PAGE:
Common sense is a strange virtue. As you may have noticed lately, it is not so common and oftentimes it is not even sensible.
In fact, common sense might be defined as any course of action on an issue of the day that a couple of old guys might say while leaning on a bar.
The Syrian refugee crisis provides a prime example. All summer Americans saw pictures of mostly families, many with children, in harrowing circumstances. If America were really a Christian country, these pathetic scenes would touch sensitive nerves of faith and national identity and move all to compassion.
So much for that. The terrorists of the so-called Islamic State know how to play on our nerves too, all the raw ones that disable the humanitarian impulse through fear.
No sooner had the Islamic State sent its killers to commit atrocities in Paris, than the U.S. House threw aside its usual bounds of inertia to pass a bill to keep us all safe from refugees coming to America — all in the name of supposed common sense.
Snails outside the Capitol building marveled at the speed of this action, having come to believe that members of Congress were a kindred species to themselves, painfully slow and apt to leave a trail of slime.
What was also extraordinary was that this frantic step was a solution to no immediate big problem. The process to bring refugees here takes two years or so. And the number of Syrians projected to come to this country is actually quite small — 10,000 this year in a vast land of more than 320 million people.
Ah, but what about the Trojan Horse? Everybody who purports to speak common sense mentions how the people of Troy were lost because they naively never expected their enemies to be hiding in the horse.
Let me concede that it is good that old guys in bars are now quoting Greek mythology, instead of just saying, “Hey, how about those Steelers?” The problem with the metaphor is that in our time the Trojan Horse doesn’t have enough wheels for traction.
Consider that every Greek warrior hidden in the horse was there to overthrow Troy. Is every heavily vetted refugee coming here bent on the destruction of America? Really? You mean, all those families with children who have every reason to despise the Islamic terrorists who victimized them?
Let us suppose for argument’s sake that just one in a hundred refugees might possibly be a would-be terrorist — and that is a huge stretch of the fearful imagination. Back to the horse, if only one warrior in a hundred were there to destroy Troy, how do you think he would have done? I think he would have been about as lonely among his fellows as a lamb chop at a vegetarian banquet. It would be the same today, real common sense suggests.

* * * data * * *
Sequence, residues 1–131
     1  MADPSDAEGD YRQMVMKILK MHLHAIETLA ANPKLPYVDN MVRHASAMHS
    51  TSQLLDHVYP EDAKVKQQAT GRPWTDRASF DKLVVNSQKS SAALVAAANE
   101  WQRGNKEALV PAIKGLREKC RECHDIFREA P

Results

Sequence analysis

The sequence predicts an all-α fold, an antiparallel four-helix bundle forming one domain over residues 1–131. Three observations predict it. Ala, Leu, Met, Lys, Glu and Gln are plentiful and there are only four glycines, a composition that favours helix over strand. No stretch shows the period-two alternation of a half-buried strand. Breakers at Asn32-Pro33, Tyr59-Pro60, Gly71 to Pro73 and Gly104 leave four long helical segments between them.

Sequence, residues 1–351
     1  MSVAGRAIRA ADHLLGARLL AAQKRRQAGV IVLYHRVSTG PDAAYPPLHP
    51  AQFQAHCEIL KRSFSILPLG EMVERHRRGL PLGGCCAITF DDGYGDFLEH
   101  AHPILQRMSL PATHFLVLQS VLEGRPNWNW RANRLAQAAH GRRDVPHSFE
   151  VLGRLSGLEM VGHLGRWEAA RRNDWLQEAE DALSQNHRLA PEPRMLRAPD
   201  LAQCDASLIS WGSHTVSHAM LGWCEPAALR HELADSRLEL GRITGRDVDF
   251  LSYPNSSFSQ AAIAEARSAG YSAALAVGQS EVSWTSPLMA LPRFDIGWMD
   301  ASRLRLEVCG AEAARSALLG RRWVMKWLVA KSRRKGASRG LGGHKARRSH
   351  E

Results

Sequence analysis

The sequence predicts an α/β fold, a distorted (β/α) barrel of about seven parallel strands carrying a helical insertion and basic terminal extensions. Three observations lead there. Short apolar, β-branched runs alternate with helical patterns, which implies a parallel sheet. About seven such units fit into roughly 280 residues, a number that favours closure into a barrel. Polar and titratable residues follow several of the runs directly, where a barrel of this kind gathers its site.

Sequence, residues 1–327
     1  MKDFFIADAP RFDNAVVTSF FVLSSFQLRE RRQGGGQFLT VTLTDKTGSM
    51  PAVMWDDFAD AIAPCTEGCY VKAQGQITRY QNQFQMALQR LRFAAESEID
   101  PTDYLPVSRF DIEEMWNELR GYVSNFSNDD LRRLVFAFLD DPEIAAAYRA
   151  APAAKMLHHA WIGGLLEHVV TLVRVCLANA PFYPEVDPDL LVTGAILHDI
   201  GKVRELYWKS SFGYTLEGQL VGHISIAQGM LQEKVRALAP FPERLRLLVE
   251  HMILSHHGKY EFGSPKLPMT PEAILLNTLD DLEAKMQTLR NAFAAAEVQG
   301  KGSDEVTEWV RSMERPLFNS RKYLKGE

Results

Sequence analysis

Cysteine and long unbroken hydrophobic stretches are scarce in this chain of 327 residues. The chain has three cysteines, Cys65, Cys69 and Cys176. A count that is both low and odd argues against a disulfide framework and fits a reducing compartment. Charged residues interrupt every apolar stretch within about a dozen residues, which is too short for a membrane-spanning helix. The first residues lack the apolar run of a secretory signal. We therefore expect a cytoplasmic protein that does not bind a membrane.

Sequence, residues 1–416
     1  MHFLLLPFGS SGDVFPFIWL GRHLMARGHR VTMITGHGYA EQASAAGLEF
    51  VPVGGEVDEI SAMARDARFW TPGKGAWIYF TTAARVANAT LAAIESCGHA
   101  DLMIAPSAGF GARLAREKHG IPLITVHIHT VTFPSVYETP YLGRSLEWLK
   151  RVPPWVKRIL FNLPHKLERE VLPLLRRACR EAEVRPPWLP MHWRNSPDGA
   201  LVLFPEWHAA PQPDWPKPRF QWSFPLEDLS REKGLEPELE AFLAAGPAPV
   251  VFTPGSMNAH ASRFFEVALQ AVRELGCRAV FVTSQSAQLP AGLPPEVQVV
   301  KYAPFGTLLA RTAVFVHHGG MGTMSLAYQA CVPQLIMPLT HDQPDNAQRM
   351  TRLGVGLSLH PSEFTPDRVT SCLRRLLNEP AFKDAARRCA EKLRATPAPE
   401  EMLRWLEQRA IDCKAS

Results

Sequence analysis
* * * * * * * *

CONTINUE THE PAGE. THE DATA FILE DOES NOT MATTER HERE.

Do not misunderstand me: Fear is understandable and prudence is desirable, as underlined by recent horrible events. But absolute guarantees of safety are impossible in this life, despite politicians who insist that this be so before any refugees are accepted — as this legislation cruelly does.
Was it really necessary to send the rushed message that the home of the brave is so fearful that “give me your poor, your huddled masses, yearning to breathe free” now bears the implicit postscript “except Muslims”?
How does common sense suggest we defeat Islamic terrorism without the help of the great mass of decent Muslims in the world who want to be our friends and who speak Arabic and know the culture?
Every xenophobic instinct in the refugee debate comes together in the person of Donald Trump, the presidential candidate who currently holds the title of panderer-in-chief.
He long ago gave up any resemblance to being a conservative and more resembles an old-fashioned fascist in the Mussolini mold, gross, blustering and ridiculous. Every outrageous statement he makes enlarges his popularity. He promises to rid the country of certain demonized human beings and make the golf courses run on time.
In a perverse way, this gives me hope in a Thanksgiving week which otherwise seems bereft of things to be thankful about. Donald Trump will never be president of the United States.
Why? Because we are so much better than that. Our history repeatedly is of fear-induced mistakes, which the American people always rise above in the end. The common sense of any fearful age inevitably gives away to the common decency of this great nation.
God bless, America, I say, and Happy Thanksgiving.
ABOUT THE WRITER
Reg Henry is a Pittsburgh Post-Gazette columnist. Readers may email him at [email protected]
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